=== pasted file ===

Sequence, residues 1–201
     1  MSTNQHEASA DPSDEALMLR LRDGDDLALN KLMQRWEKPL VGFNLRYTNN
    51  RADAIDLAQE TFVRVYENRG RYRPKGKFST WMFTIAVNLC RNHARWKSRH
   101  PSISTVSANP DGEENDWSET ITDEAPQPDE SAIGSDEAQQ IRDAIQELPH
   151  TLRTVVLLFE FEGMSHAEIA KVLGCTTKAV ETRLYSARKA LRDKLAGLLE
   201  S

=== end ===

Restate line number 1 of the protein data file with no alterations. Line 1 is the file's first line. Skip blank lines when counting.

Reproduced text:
Sequence, residues 1–201